Turn regular mason jars into a fun Chinese New Year craft with tissue paper, paint, and Mod Podge. These mason jar lanterns are perfect for a themed party!
Are you familiar with Chinese New Year? If you're not, it's “an important Chinese festival celebrated at the turn of the traditional lunisolar Chinese calendar.” It's also a time to honor your ancestors in Asian countries. 2016 is the year of the Monkey, and Chinese New Year is from February 8th – 22nd.
This year I'm celebrating with a fun Chinese New Year craft – mason jar lanterns – and some delicious Asian-style cuisine from Tai Pei!
Chinese New Year is a chance to celebrate with friends and wish “good fortune” for the year ahead. It's also a chance to eat some DELICIOUS Chinese food (one of my favorites).
These mason jar lanterns are the perfect centerpiece for your Asian-themed celebration. And they aren't hard to make, with Mod Podge. Here's how you do it!
Chinese Mason Jar Lanterns
Gather These Supplies
- Mason jars – two
- Mod Podge Gloss
- Red tissue paper
- Acrylic paint – gold and black
- Gold paint pen
- Black marker (like a Sharpie)
- Stencil brush
- Stencil or painter's tape
- Black (or red or gold) sand to fill the base of your jars
- LED candles
Cut a strip of red tissue paper so that it fits around the middle (flat portion) of your mason jar, making sure it overlaps at the back. Use the decoupage medium to adhere the paper to the middle of the jar – place some down and then wrap the tissue paper, then lightly decoupage over the top.
You might get some wrinkles, but it's okay – smooth carefully and you should only get a few. Repeat with the second jar and let completely dry before starting the next step.
Place the painter's tape around the jar, directly bordering the red tissue paper (top and bottom). Paint several coats of the gold paint until the jar is completely coated.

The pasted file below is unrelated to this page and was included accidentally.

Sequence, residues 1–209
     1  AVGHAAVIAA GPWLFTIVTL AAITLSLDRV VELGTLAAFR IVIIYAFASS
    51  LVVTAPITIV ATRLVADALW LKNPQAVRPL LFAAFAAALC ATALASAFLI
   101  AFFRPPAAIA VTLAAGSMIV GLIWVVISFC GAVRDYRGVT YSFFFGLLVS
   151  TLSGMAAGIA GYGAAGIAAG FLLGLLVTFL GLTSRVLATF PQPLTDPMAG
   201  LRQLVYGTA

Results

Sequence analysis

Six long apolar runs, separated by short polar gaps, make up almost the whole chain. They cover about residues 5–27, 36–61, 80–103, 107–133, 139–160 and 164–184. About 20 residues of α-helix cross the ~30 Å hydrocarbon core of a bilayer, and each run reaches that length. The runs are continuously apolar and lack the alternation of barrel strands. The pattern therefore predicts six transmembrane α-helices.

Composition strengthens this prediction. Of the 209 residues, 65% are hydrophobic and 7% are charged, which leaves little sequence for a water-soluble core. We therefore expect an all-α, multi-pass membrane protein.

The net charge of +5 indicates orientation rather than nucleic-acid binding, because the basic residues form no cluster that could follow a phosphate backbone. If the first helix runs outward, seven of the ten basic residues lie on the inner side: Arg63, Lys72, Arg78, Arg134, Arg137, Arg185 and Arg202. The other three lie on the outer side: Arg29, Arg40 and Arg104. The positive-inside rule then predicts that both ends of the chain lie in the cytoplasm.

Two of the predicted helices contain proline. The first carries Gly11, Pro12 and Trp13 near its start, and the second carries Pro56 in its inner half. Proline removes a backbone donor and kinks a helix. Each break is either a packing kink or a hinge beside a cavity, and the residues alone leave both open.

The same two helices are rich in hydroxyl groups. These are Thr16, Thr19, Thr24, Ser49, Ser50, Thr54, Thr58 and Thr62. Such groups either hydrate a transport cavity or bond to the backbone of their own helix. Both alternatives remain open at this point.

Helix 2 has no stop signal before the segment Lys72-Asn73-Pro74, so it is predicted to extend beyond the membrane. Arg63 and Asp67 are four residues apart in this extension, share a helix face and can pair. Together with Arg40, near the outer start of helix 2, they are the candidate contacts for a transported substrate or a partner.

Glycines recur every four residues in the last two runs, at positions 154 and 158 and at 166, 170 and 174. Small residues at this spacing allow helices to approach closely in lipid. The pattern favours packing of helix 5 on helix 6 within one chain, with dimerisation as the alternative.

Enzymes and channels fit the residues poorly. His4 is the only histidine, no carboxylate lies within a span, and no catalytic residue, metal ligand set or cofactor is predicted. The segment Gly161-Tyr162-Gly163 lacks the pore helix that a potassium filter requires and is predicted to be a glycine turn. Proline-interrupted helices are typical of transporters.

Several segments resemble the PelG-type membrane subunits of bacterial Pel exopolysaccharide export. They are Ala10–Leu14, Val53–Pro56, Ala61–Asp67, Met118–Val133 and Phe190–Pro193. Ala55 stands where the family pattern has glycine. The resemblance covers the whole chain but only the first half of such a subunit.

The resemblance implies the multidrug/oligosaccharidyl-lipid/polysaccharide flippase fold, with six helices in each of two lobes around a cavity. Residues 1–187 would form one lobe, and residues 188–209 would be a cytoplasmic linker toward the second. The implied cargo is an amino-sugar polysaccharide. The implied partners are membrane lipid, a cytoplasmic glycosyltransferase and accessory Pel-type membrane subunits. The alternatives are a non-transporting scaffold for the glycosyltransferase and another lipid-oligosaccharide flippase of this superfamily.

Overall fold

If some Mod Podge got on the jar above or below the tissue paper, yes – you can paint over it! Let the gold paint dry.
Use a stencil brush to lightly “dry brush” on some black paint, top and bottom. If you're wondering what dry brushing is, it means to remove most of the paint from the stencil brush and then scrub the paint on back and forth (lightly). If you find you applied too much paint, wipe it away before it dries with a paper towel.
The final step in this Chinese New Year craft might be the most difficult, but it's actually quite easy. I looked up some Chinese symbols online (like “good fortune”) and freehand drew them onto all four sides of the mason jars with the gold paint pen.
Don't put a lot of pressure on yourself to make really accurate Chinese symbols. These are just for fun. I firmly believe in the philosophy of “try your best!” After you draw with the gold paint pen, outline some portions of the symbol with a black Sharpie.
Place some sand in the bottom and black an LED light on top. If you use LED lights, you can put the lid on – if you use tea lights (real), just screw the jar rim on and NOT the lid.
Aren't the lanterns beautiful? I'm so pleased with them! They are a perfect addition to your Chinese New Year party.
And what is else is a perfect addition to your Chinese New Year party? Tai Pei entrees and snacks! Tai Pei has a range of delicious Chinese restaurant-inspired food that is easy and convenient to prepare and serve.
For our party, we chose to snack on a single-serve entree and then an appetizer. Steve and I both picked our favorites. I chose the Chicken Fried Rice – chicken, veggies, and fried rice in an oyster sauce.
Steve chose the Chicken Egg Rolls, which are yummy chicken and veggies with a delicious dipping sauce. I loved how easy it was to heat the items in their own containers, and it only took a few minutes.
Both of choices were loaded with flavor and delicious! It's hard to say whose choice was better . . . I think either of them would be perfect for a party.
I hope you enjoy – and Happy Chinese New Year!
This is a sponsored conversation written by me on behalf of Tai Pei. The opinions and text are all mine.